Connecticut received its nickname ("the Nutmeg State", "Nutmegger") from the claim that some unscrupulous Connecticut traders would whittle "nutmeg" out of wood, creating a "wooden nutmeg", a term which later came to mean any type of fraud.[19]

World production

World production of nutmeg is estimated to average between 10,000 and 12,000 tonnes per year, with annual world demand estimated at 9,000 tonnes; production of mace is estimated at 1,500 to 2,000 tonnes. Indonesia and Grenada dominate production and exports of both products, with world market shares of 75% and 20%, respectively. Other producers include India, Malaysia (especially Penang, where the trees grow wild within untamed areas[citation needed]), Papua New Guinea, Sri Lanka, and Caribbean islands, such as St. Vincent. The principal import markets are the European Community, the United States, Japan, and India. Singapore and the Netherlands are major re-exporters.

Medicinal properties and research

In the 19th century, nutmeg was used as an abortifacient, which led to numerous recorded cases of nutmeg poisoning.[20] Although used as a folk treatment for other ailments, nutmeg has no proven medicinal value today.[20]

One study showed that the compound macelignan isolated from Myristica fragrans may exert antimicrobial activity against Streptococcus mutans,[21] but this is not a currently used treatment.[20]

In doses exceeding its use as a seasoning, nutmeg may interact with anxiolytic drugs, produce allergic reactions, cause contact dermatitis, or evoke acute episodes of psychosis.[20]

Psychoactivity and toxicity

Effects

In low doses, nutmeg produces no noticeable physiological or neurological response, but in large doses, raw nutmeg has psychoactive effects[22][23] deriving from anticholinergic-like hallucinogenic mechanisms attributed to myristicin and elemicin.[23][24] Myristicin, a monoamine oxidase inhibitor and psychoactive substance,[20][23] can induce convulsions, palpitations, nausea, eventual dehydration, and generalized body pain.[20][22] For these reasons in some countries, whole or ground nutmeg may have import restrictions except in spice mixtures containing less than 20 percent nutmeg.[25][26]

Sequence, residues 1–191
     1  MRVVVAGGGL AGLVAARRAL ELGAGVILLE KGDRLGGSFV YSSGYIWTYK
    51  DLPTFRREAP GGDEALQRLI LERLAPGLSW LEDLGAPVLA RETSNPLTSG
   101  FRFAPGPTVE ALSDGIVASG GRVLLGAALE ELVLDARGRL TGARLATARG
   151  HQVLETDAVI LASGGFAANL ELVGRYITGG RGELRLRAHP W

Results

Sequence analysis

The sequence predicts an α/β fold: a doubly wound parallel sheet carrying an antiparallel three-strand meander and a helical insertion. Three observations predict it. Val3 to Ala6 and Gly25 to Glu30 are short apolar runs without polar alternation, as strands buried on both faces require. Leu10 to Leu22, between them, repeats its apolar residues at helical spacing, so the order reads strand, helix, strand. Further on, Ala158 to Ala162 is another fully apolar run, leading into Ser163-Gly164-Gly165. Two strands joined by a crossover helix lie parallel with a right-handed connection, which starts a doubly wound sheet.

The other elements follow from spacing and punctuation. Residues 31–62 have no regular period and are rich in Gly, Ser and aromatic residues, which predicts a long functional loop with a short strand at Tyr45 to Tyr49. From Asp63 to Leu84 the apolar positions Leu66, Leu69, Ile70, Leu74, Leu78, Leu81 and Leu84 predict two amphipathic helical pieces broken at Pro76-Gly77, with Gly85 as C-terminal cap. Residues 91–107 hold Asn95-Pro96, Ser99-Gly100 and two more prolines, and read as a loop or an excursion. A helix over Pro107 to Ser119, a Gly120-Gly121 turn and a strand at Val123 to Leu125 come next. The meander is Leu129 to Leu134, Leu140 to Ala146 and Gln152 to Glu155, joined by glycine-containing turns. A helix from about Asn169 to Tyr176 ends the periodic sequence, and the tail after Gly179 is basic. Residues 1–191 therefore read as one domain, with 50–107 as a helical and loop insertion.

Nutmeg poisonings occur by accidental consumption in children and by intentional abuse with other drugs in teenagers.[23] Fatal myristicin poisonings in humans are rare, but three have been reported, including one in an 8-year-old child and another in a 55-year-old adult, with the latter case attributed to a combination with flunitrazepam.[27]

Nutmeg intoxication can vary greatly from person to person, but is often associated with side effects such as excitedness, anxiety, confusion, headaches, nausea, dizziness, dry mouth, redness in eyes, and amnesia.[20][23] Nutmeg poisoning is also reported to induce hallucinogenic effects, such as visual distortions and paranoia.[23] Although rarely reported, nutmeg overdose can result in death, especially if combined with other drugs.[23] Intoxication takes several hours before maximum effect is experienced.[20] The effects of nutmeg intoxication may last for several days.[22][23]

Toxicity during pregnancy

Nutmeg was once considered an abortifacient, but may be safe for culinary use during pregnancy. However, it inhibits prostaglandin production and contains hallucinogens that may affect the fetus if consumed in large quantities.[28]

Toxicity to dogs

Nutmeg is highly neurotoxic to dogs and causes seizures, tremors, and nervous system disorders which can be fatal. Nutmeg's rich, spicy scent is attractive to dogs which can result in a dog ingesting a lethal amount of this spice. Eggnog and other food preparations which contain nutmeg should not be given to dogs.[29][30][31]

References

  1. ^ a b c New World Encyclopedia contributors (February 2, 2015). "Nutmeg". New World Encyclopedia. 986479. New World Encyclopedia. Retrieved 2017-07-22. 
  2. ^ "Nutmeg spice". Encyclopædia Britannica Online. 
  3. ^ "Nutmeg". www.clovegarden.com. Retrieved 2017-07-22. 
  4. ^ "Mace spice". Encyclopædia Britannica Online.